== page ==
ZEPHYR TAKES FLIGHT

Zephyr, a buoyant, gum-chewing lass obsessed with airplanes, achieves a fantastical flight—and gets home in time for breakfast—in this enjoyable romp.

Grandma, Daddy and Mom are all too busy to play. Executing her “triple loop-de-loop spectacular” off the couch with her toy plane, she crashes into a cabinet full of bric-a-brac. Banished to her room, she sends a paper airplane behind her dresser. There, she discovers a small door leading into a “wondrous place” full of flying machines and propellers and with a desk full of books and maps. Climbing aboard the “FS Bessie” (Light’s nod to pioneering flyer Bessie Coleman), Zephyr’s off. “Her triple loop-de-loop spectacular was much more fun in the sky!” Ensuing spreads depict a harmless “BUMP” into a mountainous land where flying pigs dwell in trees. After the dexterous girl fashions paper wings for a flightless piglet, the porcine fliers help power her craft back into the sky. Light’s fountain pens produce boldly inked contours and appealingly frenetic gestural line. Colored pencils and PanPastels in sienna, ochre and yellow effect a mood both sunny and old-timey. Observant readers will note images of Zephyr’s aviator grandfather throughout—clearly, her zeal for flight is inherited. (Flying pigs are a favored collectible in her family, too.) Zipping from fanciful flight to a “triple-hug, triple-pancake spectacular,” Zephyr’s surely not earthbound for long.

Flighty fun. (Picture book. 4-7)

Pub Date: Oct. 9, 2012

ISBN: 978-0-7636-5695-9

Page Count: 40

Publisher: Candlewick

Review Posted Online: Aug. 22, 2012

Kirkus Reviews Issue: Sept. 15, 2012

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A quiet, thought-provoking story of environmental change and the power humans have to slow it.

THE OLD BOAT

A multigenerational tale of a boat’s life with a Black family, written by two brothers who loved similar boats.

In the opening spread, a smiling, brown-skinned adult dangles a line from the back of a green-and-white boat while a boy peers eagerly over the side at the sea life. The text never describes years passing, but each page turn reveals the boy’s aging, more urban development on the shore, increasing water pollution, marine-life changes (sea jellies abound on one page), and shifting water levels. Eventually, the boy, now a teenager, steers the boat, and as an adult, he fishes alone but must go farther and farther out to sea to make his catch. One day, the man loses his way, capsizes in a storm, and washes up on a small bay island, with the overturned, sunken boat just offshore. Now a “new sailor” cleans up the land and water with others’ help. The physical similarities between the shipwrecked sailor and the “new sailor” suggest that this is not a new person but one whose near-death experience has led to an epiphany that changes his relationship to water. As the decaying boat becomes a new marine habitat, the sailor teaches the next generation (a child with hair in two Afro puffs) to fish. Focusing primarily on the sea, the book’s earth-toned illustrations, created with hundreds of stamps, carry the compelling plot.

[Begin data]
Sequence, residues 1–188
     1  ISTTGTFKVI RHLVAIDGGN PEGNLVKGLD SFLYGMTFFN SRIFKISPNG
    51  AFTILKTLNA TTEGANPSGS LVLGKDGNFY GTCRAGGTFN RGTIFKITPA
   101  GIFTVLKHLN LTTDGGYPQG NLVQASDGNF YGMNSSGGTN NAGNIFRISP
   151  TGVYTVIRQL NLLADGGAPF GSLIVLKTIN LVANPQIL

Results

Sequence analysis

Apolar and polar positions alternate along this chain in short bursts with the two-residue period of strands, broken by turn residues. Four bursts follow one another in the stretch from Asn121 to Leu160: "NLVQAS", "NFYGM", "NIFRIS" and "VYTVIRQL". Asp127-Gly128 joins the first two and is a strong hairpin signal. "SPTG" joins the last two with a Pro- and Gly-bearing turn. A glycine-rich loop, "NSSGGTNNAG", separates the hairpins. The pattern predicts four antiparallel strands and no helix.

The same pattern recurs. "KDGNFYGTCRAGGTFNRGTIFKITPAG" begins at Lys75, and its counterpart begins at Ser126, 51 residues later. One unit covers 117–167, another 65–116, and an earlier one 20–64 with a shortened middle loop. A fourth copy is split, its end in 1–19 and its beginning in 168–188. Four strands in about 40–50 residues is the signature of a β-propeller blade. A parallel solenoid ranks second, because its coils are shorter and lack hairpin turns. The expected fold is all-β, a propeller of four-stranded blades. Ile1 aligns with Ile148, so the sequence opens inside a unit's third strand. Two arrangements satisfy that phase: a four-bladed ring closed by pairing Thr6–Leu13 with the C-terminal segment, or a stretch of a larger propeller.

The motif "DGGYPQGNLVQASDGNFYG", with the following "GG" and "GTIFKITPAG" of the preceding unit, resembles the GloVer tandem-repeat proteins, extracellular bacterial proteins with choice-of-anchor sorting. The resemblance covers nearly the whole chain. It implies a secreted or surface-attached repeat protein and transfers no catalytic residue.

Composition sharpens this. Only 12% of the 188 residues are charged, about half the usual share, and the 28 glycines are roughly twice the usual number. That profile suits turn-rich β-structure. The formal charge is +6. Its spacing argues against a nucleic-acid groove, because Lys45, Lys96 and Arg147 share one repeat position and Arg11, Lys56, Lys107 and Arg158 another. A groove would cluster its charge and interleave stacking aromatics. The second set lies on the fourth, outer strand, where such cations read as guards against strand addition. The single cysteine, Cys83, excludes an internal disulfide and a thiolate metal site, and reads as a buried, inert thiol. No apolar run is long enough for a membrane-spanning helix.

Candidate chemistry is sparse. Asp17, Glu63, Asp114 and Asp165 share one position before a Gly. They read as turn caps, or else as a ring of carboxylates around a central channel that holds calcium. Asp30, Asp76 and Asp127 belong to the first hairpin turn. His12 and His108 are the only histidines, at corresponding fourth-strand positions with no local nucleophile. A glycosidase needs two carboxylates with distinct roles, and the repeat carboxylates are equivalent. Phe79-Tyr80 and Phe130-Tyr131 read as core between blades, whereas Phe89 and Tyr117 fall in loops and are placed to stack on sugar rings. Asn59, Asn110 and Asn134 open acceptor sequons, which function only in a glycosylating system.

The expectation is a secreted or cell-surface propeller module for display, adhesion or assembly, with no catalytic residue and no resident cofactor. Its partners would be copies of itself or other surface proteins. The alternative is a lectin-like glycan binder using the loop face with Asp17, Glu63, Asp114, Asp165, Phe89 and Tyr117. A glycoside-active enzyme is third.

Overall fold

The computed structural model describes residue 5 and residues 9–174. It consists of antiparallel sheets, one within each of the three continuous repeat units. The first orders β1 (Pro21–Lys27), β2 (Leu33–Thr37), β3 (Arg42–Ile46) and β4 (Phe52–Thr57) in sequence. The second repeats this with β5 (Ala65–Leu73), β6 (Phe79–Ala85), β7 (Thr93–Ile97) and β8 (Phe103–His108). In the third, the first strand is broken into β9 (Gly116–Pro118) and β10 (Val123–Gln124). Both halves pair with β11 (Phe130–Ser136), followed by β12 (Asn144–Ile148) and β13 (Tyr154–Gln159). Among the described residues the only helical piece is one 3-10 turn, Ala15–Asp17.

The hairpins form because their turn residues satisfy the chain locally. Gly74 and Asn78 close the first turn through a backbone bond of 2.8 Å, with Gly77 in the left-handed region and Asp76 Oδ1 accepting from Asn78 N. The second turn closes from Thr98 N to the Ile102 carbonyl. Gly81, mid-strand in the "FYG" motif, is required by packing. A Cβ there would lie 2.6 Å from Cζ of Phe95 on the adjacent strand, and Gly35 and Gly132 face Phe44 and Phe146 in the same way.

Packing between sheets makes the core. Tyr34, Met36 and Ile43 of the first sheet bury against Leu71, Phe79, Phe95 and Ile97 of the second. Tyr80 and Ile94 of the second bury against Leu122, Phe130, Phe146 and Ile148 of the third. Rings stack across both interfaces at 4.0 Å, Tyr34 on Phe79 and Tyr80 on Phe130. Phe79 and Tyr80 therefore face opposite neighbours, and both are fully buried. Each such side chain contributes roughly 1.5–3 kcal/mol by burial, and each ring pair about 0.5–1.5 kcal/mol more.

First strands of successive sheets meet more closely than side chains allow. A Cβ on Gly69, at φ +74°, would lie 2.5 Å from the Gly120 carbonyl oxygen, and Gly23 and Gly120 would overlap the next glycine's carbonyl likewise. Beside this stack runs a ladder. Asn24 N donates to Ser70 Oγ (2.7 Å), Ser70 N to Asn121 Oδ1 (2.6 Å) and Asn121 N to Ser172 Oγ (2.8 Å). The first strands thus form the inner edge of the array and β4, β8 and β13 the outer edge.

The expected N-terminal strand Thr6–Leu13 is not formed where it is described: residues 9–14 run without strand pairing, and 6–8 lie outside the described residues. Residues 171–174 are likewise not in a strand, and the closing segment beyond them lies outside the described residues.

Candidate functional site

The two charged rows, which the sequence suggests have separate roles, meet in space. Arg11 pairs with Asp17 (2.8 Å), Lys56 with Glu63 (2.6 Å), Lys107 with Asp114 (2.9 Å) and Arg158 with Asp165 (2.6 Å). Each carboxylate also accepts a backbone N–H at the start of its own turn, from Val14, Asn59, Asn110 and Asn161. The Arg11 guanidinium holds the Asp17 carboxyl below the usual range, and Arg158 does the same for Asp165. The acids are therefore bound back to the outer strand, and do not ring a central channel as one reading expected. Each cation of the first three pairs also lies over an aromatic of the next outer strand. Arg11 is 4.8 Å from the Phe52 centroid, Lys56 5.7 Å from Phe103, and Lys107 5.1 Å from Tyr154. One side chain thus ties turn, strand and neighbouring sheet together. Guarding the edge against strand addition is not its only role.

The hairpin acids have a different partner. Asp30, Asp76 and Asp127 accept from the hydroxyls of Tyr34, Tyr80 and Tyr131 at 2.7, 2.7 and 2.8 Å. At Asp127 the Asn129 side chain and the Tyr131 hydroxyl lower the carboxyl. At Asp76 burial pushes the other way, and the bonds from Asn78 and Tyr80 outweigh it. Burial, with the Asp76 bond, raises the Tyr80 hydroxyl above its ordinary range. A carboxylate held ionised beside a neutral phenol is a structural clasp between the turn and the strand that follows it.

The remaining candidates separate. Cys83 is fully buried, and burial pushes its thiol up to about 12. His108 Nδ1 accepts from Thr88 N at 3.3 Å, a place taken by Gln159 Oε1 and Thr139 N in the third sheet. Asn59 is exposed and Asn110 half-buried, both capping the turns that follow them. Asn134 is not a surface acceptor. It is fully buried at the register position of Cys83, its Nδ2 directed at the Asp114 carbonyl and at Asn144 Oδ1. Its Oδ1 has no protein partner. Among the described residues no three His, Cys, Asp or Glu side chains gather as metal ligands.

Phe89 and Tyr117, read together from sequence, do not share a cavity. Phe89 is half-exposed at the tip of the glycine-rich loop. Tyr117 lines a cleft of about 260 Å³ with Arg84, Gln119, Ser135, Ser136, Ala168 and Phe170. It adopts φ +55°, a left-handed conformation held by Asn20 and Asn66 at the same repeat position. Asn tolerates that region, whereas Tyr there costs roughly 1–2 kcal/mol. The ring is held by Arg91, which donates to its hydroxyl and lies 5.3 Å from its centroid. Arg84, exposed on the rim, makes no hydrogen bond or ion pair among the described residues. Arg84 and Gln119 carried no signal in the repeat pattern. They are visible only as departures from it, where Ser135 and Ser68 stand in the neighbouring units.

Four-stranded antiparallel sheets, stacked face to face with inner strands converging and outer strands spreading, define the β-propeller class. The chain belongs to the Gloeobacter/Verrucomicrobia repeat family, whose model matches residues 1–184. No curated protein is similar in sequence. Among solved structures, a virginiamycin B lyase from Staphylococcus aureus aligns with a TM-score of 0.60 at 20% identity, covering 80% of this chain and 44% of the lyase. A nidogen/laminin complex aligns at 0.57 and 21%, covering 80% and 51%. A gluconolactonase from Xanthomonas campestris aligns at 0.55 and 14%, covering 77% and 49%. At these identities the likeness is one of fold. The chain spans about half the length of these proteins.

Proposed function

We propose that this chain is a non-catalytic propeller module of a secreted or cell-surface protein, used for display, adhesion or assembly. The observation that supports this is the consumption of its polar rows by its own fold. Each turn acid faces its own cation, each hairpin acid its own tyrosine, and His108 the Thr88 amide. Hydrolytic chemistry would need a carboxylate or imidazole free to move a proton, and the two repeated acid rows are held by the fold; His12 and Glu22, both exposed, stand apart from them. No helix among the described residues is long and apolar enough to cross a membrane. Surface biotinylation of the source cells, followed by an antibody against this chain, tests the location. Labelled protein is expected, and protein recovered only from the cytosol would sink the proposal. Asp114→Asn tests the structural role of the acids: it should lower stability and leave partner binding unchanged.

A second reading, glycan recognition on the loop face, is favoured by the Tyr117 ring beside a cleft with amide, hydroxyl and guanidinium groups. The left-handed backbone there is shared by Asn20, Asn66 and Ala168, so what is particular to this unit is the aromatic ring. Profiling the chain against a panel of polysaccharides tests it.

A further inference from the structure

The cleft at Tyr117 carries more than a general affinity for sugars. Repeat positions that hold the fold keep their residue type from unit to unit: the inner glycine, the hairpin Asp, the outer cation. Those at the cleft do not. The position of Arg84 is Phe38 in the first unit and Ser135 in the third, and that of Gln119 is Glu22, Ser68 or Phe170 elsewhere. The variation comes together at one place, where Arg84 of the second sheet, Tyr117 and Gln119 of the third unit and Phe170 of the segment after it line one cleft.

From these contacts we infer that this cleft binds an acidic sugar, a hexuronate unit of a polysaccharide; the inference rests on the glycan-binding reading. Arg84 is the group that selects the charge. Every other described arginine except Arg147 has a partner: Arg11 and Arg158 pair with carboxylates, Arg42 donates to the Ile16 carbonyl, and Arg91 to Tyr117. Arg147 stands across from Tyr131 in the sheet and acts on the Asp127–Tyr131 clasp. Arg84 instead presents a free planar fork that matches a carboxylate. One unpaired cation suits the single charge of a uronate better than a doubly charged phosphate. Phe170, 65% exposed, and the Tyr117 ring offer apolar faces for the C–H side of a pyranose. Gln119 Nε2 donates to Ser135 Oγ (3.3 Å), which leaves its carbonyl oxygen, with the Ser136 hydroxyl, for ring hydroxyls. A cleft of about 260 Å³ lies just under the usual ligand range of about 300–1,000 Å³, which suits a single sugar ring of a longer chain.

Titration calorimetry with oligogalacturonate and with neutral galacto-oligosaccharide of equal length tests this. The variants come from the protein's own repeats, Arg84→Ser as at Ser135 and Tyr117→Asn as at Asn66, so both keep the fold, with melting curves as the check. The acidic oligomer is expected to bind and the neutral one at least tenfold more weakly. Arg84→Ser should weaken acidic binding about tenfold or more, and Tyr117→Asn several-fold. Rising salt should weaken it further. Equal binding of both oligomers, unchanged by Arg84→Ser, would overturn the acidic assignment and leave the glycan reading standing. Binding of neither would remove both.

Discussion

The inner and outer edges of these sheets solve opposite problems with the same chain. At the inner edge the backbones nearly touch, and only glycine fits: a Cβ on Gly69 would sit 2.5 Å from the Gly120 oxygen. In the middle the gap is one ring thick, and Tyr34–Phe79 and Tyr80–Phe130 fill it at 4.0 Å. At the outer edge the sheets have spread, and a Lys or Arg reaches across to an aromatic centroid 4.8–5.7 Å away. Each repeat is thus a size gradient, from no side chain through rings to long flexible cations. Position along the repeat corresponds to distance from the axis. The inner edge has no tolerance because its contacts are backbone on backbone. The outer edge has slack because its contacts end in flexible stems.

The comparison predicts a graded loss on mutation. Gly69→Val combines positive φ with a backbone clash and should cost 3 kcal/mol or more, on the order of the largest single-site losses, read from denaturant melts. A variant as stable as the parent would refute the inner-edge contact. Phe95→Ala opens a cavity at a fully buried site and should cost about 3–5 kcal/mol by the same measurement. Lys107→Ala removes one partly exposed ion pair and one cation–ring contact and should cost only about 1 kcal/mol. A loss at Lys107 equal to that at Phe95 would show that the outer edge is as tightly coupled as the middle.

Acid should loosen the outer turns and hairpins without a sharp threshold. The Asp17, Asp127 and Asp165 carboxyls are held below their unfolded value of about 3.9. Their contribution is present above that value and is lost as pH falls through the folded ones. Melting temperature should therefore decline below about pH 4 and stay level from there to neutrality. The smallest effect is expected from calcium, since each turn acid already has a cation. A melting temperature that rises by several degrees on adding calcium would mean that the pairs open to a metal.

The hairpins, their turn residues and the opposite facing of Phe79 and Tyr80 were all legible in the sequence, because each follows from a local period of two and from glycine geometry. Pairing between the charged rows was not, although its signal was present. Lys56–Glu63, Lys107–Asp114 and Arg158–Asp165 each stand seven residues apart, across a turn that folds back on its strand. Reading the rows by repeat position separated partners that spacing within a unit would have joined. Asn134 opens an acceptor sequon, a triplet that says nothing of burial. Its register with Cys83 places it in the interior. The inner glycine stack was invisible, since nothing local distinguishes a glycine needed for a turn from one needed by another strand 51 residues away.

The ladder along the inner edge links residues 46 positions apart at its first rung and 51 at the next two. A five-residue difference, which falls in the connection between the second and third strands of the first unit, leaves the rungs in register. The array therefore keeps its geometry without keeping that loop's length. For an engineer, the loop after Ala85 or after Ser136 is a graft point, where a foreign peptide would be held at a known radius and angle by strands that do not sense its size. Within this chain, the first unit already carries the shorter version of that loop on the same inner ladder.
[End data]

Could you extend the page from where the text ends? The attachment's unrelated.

A quiet, thought-provoking story of environmental change and the power humans have to slow it. (Picture book. 4-7)

Pub Date: March 2, 2021

ISBN: 978-1-324-00517-9

Page Count: 56

Publisher: Norton Young Readers

Review Posted Online: Dec. 25, 2020

Kirkus Reviews Issue: Jan. 15, 2021

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A chuckle-inducing, entirely worthy stand-alone follow-up to the terrific The Princess in Black (2014).

THE PRINCESS IN BLACK AND THE PERFECT PRINCESS PARTY

From the Princess in Black series , Vol. 2

Princess Magnolia’s perfect birthday party’s threatened by constant monster alarms, summoning her secret identity again and again.

Prim, proper Princess Magnolia is all decked out in her pink finery, awaiting the arrival of a dozen ethnically diverse fellow-princess party guests for her birthday when her monster-alarm ring goes off. She changes attire and personas, becoming the heroic Princess in Black. Working swiftly, she saves a goat from a hungry monster and gets back to her palace in time to welcome her guests. But just when she thinks she’s in the clear and ready to open her presents, off goes her monster-alarm ring again! This pattern—Magnolia is just about to open presents when her alarm goes off, she comes up with a distraction for the princesses, defeats a monster, and returns just in time—continues through the book. It’s enhanced by visual gags, such as Magnolia’s increasingly flustered appearance, and hilarious depictions of the various ways monsters try to eat goats, from between giant pieces of bread to in a giant ice cream cone. A side character, the fittingly named Princess Sneezewort, frequently comes close to discovering Magnolia’s secret. In the end, Magnolia can’t take the constant interruptions anymore, yelling at a monster that it’s her birthday—the monster, abashed, ends up helping her in one last distraction for the other princesses.

A chuckle-inducing, entirely worthy stand-alone follow-up to the terrific The Princess in Black (2014). (Fantasy. 5-7)

Pub Date: Oct. 13, 2015

ISBN: 978-0-7636-6511-1

Page Count: 96

Publisher: Candlewick

Review Posted Online: June 29, 2015

Kirkus Reviews Issue: July 15, 2015

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